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Golden Gate in Danzig. Photo: Maciej Szczepańczyk

Trading

Although Dutch connections with Russia were typically related to trade and did not involve permanent settlement, clearly some people from the Low Countries did settle in Russian towns. There were Dutch trading posts in several Russian towns and with these came church communities.

From the early seventeenth century Dutch church communities met for worship in Moscow and in St. Petersburg, shortly after its founding in 1717, and even on the Russian Arctic coast in Archangel from about 1635. Drainage workers were invited to settle in Denmark and traders and engineers established themselves in Sweden. We should not forget that Sweden’s second city, Gothenburg, was founded as a Dutch trading colony in the early seventeenth century.

Johan van Valckenburgh's plan for the fortifications of Rostock in 1624

Lingua franca

One consequence of the Dutch presence in the Baltic was that the Dutch language became the lingua franca in the region in the seventeenth and eighteenth centuries. Swedish monarchs knew some Dutch, diplomatic correspondence was sometimes written in Dutch and Dutch learning materials and dictionaries were in demand. One of the inaugural lectures of the Royal Academy of Åbo, then in Sweden, now in Finland, was given in Dutch. Dutch was also used in the military. In peace negotiations between Russia and Sweden in 1618, the Englishman John Merrick wrote to the Field Marshal of Swedish troops in Russia … in Dutch.

Given this migration, trading and political and military activity, it is then no surprise that many Dutch loanwords can be found in languages spoken in the Baltic region. In building St. Petersburg and a Russian navy, Peter the Great employed a significant number of Dutchmen. As a consequence many terms to do with seafaring in Russian, such as the Russian for ‘skipper’ and ‘sailor’, come from Dutch. In fact the etymologist Nicoline van der Sijs reckons that there are some 500 Dutch loanwords in regular use in Russian. Danish and Swedish have both adopted over 2,000 Dutch loanwords.

Many of these have to do with trade and seafaring, but a Dutch loanword in Swedish such as doolhof (maze, dollhof in Swedish) illustrates that this is not the whole story. Finnish has some 50 Dutch loanwords, mainly via Swedish, as the latter was the language of culture for many years in Finland. For example, the Dutch word for sailor, matroos, has entered standard Finnish as matruusi, denoting an experienced sailor. The standard Finnish word for the captain of a ship is kapteeni, while in spoken Finnish the word kippari is used. This, it turns out, is derived from the Dutch schipper, a word which like matroos has been loaned to many languages.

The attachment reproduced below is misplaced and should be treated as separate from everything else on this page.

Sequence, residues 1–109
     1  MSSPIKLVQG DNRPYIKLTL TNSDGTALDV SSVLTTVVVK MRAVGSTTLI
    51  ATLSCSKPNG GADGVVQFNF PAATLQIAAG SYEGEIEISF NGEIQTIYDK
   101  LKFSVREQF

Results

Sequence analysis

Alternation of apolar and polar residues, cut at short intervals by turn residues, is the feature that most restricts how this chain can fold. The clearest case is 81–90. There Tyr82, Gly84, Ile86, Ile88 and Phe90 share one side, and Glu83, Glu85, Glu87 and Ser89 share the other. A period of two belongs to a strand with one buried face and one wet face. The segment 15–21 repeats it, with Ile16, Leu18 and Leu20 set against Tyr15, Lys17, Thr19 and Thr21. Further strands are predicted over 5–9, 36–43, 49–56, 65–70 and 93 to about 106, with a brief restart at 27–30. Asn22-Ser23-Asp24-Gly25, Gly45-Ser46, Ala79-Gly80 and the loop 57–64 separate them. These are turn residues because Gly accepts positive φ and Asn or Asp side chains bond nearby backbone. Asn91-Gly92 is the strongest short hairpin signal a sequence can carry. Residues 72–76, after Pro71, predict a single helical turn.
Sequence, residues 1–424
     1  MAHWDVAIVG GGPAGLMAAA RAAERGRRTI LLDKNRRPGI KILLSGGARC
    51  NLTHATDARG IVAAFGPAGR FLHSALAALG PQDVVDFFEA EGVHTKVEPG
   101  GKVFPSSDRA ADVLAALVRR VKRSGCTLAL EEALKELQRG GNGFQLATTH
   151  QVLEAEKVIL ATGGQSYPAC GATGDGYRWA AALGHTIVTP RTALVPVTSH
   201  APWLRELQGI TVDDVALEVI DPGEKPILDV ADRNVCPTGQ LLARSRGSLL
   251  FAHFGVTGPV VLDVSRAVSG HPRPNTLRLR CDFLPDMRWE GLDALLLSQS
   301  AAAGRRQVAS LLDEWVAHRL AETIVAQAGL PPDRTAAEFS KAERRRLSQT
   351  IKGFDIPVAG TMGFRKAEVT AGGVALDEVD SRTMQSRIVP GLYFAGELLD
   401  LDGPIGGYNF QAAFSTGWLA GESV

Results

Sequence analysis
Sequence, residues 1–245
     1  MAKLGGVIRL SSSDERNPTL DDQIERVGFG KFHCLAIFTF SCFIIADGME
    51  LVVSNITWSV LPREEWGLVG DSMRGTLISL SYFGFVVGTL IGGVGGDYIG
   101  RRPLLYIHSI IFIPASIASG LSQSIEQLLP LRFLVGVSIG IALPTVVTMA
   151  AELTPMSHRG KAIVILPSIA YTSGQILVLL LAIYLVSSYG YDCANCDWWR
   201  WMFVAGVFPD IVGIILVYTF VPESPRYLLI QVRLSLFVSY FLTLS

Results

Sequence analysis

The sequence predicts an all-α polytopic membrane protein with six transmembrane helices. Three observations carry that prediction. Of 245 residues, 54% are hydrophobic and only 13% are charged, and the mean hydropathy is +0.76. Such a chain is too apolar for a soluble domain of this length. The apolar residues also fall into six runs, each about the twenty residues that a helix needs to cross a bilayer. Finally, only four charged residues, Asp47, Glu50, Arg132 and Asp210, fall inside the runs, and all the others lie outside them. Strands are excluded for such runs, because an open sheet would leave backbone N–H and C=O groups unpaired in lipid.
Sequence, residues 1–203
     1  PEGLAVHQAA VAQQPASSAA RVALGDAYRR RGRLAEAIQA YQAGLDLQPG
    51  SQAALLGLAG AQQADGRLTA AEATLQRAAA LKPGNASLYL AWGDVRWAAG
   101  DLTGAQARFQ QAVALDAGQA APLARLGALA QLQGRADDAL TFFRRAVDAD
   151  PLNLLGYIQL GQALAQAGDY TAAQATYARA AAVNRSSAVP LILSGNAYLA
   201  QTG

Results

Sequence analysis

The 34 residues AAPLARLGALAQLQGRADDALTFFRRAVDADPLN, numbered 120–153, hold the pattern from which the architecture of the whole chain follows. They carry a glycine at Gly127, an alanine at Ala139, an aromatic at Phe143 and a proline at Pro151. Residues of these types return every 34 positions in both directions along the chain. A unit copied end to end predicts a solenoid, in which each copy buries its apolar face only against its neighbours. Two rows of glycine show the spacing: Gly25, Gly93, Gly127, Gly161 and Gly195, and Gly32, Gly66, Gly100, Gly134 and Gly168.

Finally, it is reckoned that there are at least 370 Dutch loanwords in Polish. However, some of these may derive from varieties of Low German (Nedersaksisch), spoken from the West of the Low Countries as far as present-day Western Poland, and used as a lingua franca in the Hanseatic League. Many of the Dutch loanwords in Polish, loaned directly or indirectly, relate to seafaring. These include harpun (harpoon), kielwater (ship’s wake), maszt (mast), szyper (skipper) and kooi (hammock). However, other loan words not related to seafaring such as lakmus (litmus) from the Dutch lakmoes and makler (broker) from the Dutch makelaar illustrate that the influence of Dutch on Polish is broader than this.

Significant influence

In conclusion, then we can see that through migration, for religious and economic reasons, and trade, which sometimes involved permanent settlement in other countries, the Dutch and Flemish and their language have had a significant influence on the cultural, linguistic and indeed physical landscape of countries surrounding the Baltic Sea.